Vancouver park board backs away from seawall expansion—for now
In the face of intense opposition, the Vancouver park board has put off making a decision on whether to work with the city on connecting the seawall from Jericho to Kitsilano Beach.
At the board meeting last night, all 21 speakers from the community opposed the idea, citing the importance of preserving the foreshore.
Mel Lehan, a director of the Point Grey Natural Foreshore and Waterfowl Protective Sanctuary Society, told the board that this is the last "natural beach" in the city.
He pointed out that in 1994, the park board passed a motion that requested the city to advise the province of its desire to keep the waterfront in its original state.
"Recently, your board decided to rip up the Jericho Parade grounds as it would be more helpful to the health of that area of the inlet," Lehan said. "A very wise decision. Now, we ask you to continue that direction and end all discussion of a harm-creating seawall on this indispensible Vancouver treasure."
Point Grey resident and filmmaker Laurence Keane told the board that 275 people have signed a petition opposing the seawall idea, calling instead to keep Kitsilano Beach wild.
"We've never seen this beach as a freeway for wheeled vehicles," Keane, a renter in the area, told the politicians. "We see the beach as just a place to be—to be somewhere for moments of quiet reflection and enjoyment."
Another area resident, Bonnie Collins, called for a completely transparent process that would include "reasonable public consultation", a full accounting of the construction and maintenance costs, and an independent environmental assessment that analyzes the short- and long-term impacts of making any changes.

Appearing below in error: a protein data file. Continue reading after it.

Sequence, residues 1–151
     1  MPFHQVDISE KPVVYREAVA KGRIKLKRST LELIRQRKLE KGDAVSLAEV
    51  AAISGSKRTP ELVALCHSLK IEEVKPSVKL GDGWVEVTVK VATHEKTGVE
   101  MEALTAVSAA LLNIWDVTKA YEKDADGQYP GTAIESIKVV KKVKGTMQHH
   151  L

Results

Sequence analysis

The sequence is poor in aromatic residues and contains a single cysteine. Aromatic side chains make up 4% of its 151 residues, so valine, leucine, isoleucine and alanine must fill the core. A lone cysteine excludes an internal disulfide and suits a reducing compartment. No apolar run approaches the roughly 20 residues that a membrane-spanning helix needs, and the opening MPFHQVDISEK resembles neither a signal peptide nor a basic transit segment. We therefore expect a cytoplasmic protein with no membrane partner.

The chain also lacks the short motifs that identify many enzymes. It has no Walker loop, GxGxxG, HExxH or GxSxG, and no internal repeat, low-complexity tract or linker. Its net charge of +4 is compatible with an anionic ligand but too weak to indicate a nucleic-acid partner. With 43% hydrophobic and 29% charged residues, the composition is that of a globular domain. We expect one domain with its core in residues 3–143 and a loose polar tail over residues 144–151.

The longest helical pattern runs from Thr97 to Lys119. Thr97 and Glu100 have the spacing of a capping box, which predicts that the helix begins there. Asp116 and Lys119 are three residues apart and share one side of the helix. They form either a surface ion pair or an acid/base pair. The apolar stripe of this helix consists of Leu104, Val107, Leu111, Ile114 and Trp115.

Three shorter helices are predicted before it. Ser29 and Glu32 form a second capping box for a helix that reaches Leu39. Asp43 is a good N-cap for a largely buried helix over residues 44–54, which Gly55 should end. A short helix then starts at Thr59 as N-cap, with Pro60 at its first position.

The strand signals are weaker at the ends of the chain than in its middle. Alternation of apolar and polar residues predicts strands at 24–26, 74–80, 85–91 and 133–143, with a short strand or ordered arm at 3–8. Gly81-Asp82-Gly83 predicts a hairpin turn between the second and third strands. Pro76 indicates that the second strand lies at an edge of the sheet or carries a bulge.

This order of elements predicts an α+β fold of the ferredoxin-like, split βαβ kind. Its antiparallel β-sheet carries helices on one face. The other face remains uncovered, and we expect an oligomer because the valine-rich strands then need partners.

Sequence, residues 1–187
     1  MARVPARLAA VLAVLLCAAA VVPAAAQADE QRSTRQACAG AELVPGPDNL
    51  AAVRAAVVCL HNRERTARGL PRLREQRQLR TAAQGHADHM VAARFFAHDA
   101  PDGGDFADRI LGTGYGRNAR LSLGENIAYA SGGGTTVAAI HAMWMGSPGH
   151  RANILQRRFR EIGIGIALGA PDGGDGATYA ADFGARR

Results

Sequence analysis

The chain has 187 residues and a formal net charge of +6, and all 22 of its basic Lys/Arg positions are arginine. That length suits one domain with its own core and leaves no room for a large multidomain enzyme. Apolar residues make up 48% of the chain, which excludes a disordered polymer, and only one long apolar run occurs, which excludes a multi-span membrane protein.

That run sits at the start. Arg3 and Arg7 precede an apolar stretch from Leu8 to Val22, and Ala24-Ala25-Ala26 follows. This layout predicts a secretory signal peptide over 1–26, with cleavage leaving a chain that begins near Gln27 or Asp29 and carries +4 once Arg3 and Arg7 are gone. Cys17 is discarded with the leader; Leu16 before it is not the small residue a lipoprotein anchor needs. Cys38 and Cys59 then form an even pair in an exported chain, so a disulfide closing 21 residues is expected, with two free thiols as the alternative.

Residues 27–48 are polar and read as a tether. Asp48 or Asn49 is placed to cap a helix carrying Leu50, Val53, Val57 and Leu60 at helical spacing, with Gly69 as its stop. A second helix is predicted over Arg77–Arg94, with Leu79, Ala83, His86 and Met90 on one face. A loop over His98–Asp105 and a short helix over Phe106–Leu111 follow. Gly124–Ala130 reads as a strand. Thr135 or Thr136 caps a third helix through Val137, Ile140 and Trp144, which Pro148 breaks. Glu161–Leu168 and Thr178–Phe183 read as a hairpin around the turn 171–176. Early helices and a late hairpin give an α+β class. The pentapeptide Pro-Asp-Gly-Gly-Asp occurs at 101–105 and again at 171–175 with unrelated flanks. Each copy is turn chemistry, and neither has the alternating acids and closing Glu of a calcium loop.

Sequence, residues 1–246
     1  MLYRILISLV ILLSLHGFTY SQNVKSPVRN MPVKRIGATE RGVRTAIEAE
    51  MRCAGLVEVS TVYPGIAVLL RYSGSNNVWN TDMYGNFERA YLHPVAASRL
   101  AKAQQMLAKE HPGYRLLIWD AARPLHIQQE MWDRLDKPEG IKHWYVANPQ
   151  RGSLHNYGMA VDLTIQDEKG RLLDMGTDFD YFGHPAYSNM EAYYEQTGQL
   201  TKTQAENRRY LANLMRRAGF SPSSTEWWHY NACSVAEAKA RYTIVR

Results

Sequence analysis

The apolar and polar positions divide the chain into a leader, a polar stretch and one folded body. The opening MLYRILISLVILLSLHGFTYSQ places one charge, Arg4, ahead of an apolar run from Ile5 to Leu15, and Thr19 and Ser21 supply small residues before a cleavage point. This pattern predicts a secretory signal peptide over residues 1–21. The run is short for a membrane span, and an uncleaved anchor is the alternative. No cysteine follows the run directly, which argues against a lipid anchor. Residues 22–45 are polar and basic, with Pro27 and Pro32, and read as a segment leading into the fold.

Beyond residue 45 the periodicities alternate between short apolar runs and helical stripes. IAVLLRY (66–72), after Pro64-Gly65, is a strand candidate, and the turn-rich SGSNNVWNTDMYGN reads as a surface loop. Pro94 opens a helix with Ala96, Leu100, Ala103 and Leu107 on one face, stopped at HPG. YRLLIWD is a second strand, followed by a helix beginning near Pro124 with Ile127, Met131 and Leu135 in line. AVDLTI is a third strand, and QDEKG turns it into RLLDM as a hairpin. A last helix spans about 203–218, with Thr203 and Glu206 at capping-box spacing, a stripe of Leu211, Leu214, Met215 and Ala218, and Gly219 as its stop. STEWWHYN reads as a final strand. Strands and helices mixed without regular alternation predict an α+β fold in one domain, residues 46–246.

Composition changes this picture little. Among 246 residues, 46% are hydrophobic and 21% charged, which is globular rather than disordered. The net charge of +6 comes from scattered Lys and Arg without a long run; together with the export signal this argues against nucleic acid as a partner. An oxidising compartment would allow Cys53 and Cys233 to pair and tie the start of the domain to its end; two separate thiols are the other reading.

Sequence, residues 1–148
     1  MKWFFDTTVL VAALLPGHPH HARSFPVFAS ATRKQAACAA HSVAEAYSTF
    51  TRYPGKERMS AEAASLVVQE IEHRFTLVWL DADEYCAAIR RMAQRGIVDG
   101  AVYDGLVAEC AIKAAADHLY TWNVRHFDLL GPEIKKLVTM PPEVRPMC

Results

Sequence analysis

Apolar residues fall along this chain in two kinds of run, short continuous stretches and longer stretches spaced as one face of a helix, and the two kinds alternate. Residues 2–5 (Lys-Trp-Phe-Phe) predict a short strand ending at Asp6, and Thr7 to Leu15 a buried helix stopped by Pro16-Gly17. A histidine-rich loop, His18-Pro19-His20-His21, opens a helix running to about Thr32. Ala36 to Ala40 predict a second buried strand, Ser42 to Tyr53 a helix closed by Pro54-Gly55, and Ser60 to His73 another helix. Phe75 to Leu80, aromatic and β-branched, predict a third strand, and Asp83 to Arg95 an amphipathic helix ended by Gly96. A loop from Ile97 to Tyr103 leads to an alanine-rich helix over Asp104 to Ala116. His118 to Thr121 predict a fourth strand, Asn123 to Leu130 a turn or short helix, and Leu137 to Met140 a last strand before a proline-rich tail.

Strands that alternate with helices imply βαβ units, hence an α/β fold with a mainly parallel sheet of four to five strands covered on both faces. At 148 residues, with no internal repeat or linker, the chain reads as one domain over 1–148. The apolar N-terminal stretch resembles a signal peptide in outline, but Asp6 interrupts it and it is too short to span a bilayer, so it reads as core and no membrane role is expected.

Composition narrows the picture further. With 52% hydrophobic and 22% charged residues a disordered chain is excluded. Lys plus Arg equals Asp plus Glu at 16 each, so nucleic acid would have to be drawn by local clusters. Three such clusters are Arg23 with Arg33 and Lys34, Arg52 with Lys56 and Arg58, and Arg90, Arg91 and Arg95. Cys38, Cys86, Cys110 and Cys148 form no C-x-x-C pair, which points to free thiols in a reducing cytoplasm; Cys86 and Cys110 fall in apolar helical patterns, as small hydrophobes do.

"I hope to God the informed decision is to leave the beach alone," Collins said.
Bonnie Collins asks the commissioners to conduct a proper evaluation.
Another speaker, Isabel Minty, objected to news reports of an anonymous donor willing to pay somewhere in the neighbourhood of $10 million to help create the seawall expansion. Minty told commissioners that it's wrong to keep a donor's name secret. She cited the example of the Kwok brothers, two Hong Kong–based developers who have been charged in an alleged bribery scam in connection with secret payments.
Lance Read told commissioners that if they're concerned about cyclists, they should clear Point Grey Road of motor vehicles and leave the beach alone.
After the speakers wrapped up their presentations, the Vision Vancouver caucus called for a recess and scurried out of the boardroom for a quick meeting.
Upon their return, Comm. Aaron Jasper proposed severing chair Sarah Blyth's motion into two parts: the first dealing with the seawall expansion and the second focusing on whether staff should report back on ways to improve public access along the Fraser River.
Then Jasper proposed that the motion dealing with the seawall be deferred.
That was opposed by NPA commissioners Melissa De Genova and John Coupar, as well as Vision's Trevor Loke, who said he had heard enough to conclude that the sewall expansion wasn't worth pursuing.